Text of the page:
from English and German into Spanish
simultaneous and consecutive interpretation between English and Spanish speakers or German and Spanish speakers
of translated texts, going over both the translation and the original to make sure nothing’s missing and that the final text is faithful to the original
of Spanish texts. Not only its grammar and syntax but also ensuring that the text works in the context it’s going to be used in
of Latin American texts, making the necessary adjustments for readers from Spain
I can teach you or your kids at the level you require
Generally the cost will be determined by the number of words in the original text, by the specialisation of the text and by its urgency and complexity.
Revision, proofreading and localisation jobs are usually charged by the hour. Interpretation jobs will also be charged by the hour depending on where the job takes place and on whether it is simultaneous or consecutive.
My minimum fee for a short translation is £45. For revision, proofreading and localisation, £35, and for interpretation, £50.
Contact me to discuss your requirements and I’ll give you an exact quote.
You can pay via bank transfer or PayPal. If you are a new client I’d like you to pay on delivery or, if it’s a big project, partly in advance and partly on delivery. Otherwise, payment after 30 days is fine.
Again, it depends on the complexity, the number of words, etc. but usually I translate an average of 2000 – 3000 words per day.
Contact me to find out if I’m available.
Yes. I, like most professionals, believe that you should only translate into your native language. No matter how good and confident you are in your second language. If you want your final text to be faithful to the original, sound natural and also read perfectly as an independent text, you should make sure you always hire a native speaker.
I don’t particularly like them, because I translate texts, not ‘segments’ or ‘units’, but they can be very helpful on big projects or to guarantee terminology consistency with my more frequent clients, so I sometimes use SDL Trados.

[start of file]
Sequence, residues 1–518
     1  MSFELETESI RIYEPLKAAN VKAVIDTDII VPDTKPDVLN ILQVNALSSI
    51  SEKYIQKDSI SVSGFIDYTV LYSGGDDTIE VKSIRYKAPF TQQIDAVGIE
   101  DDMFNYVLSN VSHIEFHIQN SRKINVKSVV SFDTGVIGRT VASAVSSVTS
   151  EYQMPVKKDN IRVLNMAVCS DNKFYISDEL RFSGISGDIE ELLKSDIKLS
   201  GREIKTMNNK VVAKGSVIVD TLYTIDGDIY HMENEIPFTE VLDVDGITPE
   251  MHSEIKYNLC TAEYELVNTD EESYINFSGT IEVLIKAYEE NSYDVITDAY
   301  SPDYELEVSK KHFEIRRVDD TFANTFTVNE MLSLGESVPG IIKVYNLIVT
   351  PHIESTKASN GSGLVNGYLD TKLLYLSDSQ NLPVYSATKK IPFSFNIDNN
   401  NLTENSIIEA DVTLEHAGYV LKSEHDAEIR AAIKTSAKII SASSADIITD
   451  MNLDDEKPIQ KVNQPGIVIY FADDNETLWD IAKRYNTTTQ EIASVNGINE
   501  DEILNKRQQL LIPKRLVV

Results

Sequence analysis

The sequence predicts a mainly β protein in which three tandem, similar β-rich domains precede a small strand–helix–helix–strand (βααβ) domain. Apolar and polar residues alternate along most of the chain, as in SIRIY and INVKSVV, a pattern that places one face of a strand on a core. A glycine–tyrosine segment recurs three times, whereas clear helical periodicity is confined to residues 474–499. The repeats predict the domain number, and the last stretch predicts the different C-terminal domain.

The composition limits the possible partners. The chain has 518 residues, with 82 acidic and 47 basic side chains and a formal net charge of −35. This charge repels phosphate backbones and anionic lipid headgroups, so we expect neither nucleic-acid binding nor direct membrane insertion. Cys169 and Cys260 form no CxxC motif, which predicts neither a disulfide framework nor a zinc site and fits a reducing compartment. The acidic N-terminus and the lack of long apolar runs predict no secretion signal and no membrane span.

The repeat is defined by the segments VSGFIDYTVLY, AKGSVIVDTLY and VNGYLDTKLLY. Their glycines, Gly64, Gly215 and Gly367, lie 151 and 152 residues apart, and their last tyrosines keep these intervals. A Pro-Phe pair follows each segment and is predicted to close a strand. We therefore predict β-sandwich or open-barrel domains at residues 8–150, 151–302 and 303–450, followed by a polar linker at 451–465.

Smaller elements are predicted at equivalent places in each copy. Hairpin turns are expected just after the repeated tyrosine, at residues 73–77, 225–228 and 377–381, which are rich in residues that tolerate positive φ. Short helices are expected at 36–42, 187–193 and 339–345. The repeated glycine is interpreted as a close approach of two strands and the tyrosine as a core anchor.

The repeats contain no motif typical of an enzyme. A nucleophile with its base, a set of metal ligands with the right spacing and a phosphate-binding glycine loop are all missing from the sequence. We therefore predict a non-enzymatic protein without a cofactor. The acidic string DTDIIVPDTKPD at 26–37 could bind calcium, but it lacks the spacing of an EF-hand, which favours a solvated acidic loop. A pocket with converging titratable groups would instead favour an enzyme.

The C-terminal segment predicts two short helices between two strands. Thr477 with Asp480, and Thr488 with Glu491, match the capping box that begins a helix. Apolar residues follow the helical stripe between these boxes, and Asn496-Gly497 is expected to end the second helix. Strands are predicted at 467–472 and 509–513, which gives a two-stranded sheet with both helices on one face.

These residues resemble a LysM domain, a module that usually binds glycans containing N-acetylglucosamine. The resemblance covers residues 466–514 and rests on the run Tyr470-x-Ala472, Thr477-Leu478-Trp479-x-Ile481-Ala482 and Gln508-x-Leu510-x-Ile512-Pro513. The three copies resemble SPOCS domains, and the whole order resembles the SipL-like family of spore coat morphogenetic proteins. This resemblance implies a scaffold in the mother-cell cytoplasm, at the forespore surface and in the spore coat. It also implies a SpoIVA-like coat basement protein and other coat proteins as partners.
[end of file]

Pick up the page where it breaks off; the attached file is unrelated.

In another life I did a degree in law in Madrid (Universidad Complutense) and spent four years of my life living in Germany specialising in European law.
After accepting that that life was not for me, I went back to Spain and obtained my degree in Translation and Interpretation in German and English (Universidad de Granada), becoming a certified translator and working as a freelancer. Since 2005 I’ve worked for many different companies and customers, and not only in law-related projects; I’ve even translated a book about the Second World War!
Lately I’ve moved with my husband and our two cats to Edinburgh where we very happily live in the Morningside area.
During these nine years working as a freelance translator and interpreter, I’ve worked on many projects, individually and in collaboration.
My main work, until I decided to move to Scotland, was for the Ministry of Justice in Spain. I was hired in July 2006 to work in the Criminal Registry in a then newly created section of the registry that ensured the exchange of criminal conviction information between EU member states (part of the NJR, later ECRIS, project). At the beginning it was a small project because only a few members were part of it, but very quickly, and thanks to some council framework decisions, developed into the only way to exchange criminal records between the member states. I was responsible for all the translations and communications of the project attending several meetings as an interpreter and working in international groups translating offences, penalties and precautionary measures which aimed to synchronise the different penal systems of the EU. It was a great job, but also pretty hectic, and unfortunately I had to leave it when we decided to move to Scotland.
Another of my main projects was the translation of the book ‘Bolt Action World War II Wargames Rules’. I love all kind of games, and history is a hobby of mine, so when I was presented with the chance of translating this book I didn’t hesitate. It was a great experience, and I got to meet lots of experts on the Second World War and weaponry.
The rest of the projects may not be as big as these ones but that does not necessarily mean that they are less interesting or gratifying (working at court, at the airport or at museums as interpreter, translating old letters as part of an inheritance, helping with the correction of a thesis on anthropology…) Even the most routine jobs have a challenge and that’s what I love about translation and interpreting - there’s always something new to learn, and often great people to meet!